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520 Cat Figurines Become An "Army of Luck"

What would you do with 520 cat figurines? If you’re artist Boris Petrovsky, you might turn them into a massive kinetic sculpture that serves as a sort of “pixel”-grid display for user-submitted expressions of hope. In his installation The Global Pursuit of Happiness, or: The Army of Luck, Petrovsky arranges 40 rows and 13 columns of the popular Japanese lucky talisman, Maneki Neko (literally Beckoning Cat; aka Lucky Cat, Money Cat), into a golden army of kitsch.



You’ve probably seen these figurines before—they’re popular in most Asian countries and you can usually find them gazing beguilingly from shop windows or restaurants in your local Chinatown. The talismans are supposed to bring the owner good luck and each cat typically features a “beckoning paw” that moves up and down, in a sort of “come hither” motion to attract customers and good vibes. Petrovsky rigged each of these arms with a servomotor to control the exact position and speed of each paw, choreographing their movements into 25 different salutatory and signalizing gestures like the “Mexican Wave” or an “ecstatic hyperkinesis.”

Visitors are also invited to participate by typing words or sentences up to 40 characters, responding to the prompt: “Your concept of happiness is our lucky command. Write it on the keyboard.” The cats will them spell out each message, letter by letter, scrolling across the gilded mass with the flick of a glimmering paw.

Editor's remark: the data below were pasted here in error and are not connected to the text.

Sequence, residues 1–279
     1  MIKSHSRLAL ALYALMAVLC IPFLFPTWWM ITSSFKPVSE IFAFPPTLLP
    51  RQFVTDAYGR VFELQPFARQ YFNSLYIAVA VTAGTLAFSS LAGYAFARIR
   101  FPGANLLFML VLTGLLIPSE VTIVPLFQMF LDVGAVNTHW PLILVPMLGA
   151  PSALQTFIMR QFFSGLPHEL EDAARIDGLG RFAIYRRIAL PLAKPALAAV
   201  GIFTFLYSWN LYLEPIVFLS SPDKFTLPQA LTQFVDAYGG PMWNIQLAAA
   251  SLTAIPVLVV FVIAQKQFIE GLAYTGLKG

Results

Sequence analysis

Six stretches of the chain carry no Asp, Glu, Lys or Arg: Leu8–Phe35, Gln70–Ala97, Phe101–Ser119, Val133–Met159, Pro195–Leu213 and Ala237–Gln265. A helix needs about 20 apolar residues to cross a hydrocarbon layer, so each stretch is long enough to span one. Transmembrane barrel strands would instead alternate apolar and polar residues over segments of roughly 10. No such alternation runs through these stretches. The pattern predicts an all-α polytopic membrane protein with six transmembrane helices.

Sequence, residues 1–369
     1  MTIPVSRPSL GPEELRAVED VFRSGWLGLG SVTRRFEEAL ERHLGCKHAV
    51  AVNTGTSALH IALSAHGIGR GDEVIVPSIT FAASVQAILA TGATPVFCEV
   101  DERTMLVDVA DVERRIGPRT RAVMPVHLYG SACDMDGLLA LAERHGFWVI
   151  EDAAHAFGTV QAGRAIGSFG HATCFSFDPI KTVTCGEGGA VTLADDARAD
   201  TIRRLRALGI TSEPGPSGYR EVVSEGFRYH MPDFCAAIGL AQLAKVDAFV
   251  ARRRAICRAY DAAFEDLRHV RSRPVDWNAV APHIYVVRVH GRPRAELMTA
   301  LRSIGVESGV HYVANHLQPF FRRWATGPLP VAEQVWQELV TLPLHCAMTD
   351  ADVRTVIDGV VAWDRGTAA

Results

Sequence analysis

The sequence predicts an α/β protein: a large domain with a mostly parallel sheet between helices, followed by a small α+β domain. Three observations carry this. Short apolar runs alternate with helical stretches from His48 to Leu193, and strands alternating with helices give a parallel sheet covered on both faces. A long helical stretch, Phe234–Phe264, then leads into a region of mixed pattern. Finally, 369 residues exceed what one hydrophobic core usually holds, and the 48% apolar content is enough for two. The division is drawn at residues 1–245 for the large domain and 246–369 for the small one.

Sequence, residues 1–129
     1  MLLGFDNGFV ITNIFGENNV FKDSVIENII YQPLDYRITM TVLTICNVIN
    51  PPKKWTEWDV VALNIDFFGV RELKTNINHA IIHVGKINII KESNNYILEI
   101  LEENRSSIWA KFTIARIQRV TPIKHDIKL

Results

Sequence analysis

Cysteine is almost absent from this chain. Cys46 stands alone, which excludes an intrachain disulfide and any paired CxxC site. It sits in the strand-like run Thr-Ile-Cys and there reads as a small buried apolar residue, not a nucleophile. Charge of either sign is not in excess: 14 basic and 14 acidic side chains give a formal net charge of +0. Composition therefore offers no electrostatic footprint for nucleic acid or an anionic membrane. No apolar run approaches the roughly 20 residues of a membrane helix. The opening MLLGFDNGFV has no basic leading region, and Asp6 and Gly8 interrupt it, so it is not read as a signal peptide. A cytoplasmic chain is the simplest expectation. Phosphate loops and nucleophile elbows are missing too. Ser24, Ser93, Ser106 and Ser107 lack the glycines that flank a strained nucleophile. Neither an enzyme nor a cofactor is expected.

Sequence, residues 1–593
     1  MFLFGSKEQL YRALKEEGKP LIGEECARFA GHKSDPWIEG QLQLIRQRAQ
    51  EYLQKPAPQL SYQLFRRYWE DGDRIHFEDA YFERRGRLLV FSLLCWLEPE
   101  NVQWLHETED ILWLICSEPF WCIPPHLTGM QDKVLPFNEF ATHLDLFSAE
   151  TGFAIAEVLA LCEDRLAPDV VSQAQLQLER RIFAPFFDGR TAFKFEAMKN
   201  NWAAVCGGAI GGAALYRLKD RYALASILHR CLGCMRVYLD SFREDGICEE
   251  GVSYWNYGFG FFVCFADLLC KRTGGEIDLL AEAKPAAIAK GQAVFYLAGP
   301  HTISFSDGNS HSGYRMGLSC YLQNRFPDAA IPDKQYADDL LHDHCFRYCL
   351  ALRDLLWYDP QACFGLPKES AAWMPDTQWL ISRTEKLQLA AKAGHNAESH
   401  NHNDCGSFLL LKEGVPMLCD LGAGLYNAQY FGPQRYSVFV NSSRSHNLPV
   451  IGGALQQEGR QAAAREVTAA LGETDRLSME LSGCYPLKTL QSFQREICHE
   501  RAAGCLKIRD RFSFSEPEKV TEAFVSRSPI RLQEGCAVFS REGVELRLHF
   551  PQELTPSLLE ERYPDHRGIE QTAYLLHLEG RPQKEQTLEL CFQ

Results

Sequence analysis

Every gesture triggers an audio sample culled from mass or group events like entertainment shows, political speeches, demonstrations, sport events, parades, accidents, etc. from the beginning of the last century until today. According to Petrovsky, the sounds “express auditorily different states of mind, like joy, euphoria, desire, fear, hate, aggression and resignation, astonishment, outrage, pain, panic, desperation and fanatical excitement.”

Despite the cute, kitschy aesthetic of the cat figurines, the installation has a sinister feel. Watching that golden mass move in perfect, synchronized unison it’s hard not to have images of vast armies marching and saluting start springing to mind (the title and sound effects obviously help reinforce this notion). Then again, the user interaction is so cheerful and benign—calling for your “concept of happiness” and “lucky command.” On the one hand, we seem to be getting an unsettling commentary on mob mentality, on the other, a message about the awe-inspiring power of collaboration.

For my part, all I can do is think about those crazy human pixel drawings they have going on in North Korea. Do with that image what you will.


Image courtesy of clicksnappy.

@juliaxgulia

[via Creative Applications]

All artwork imagery courtesy of Boris Petrovsky.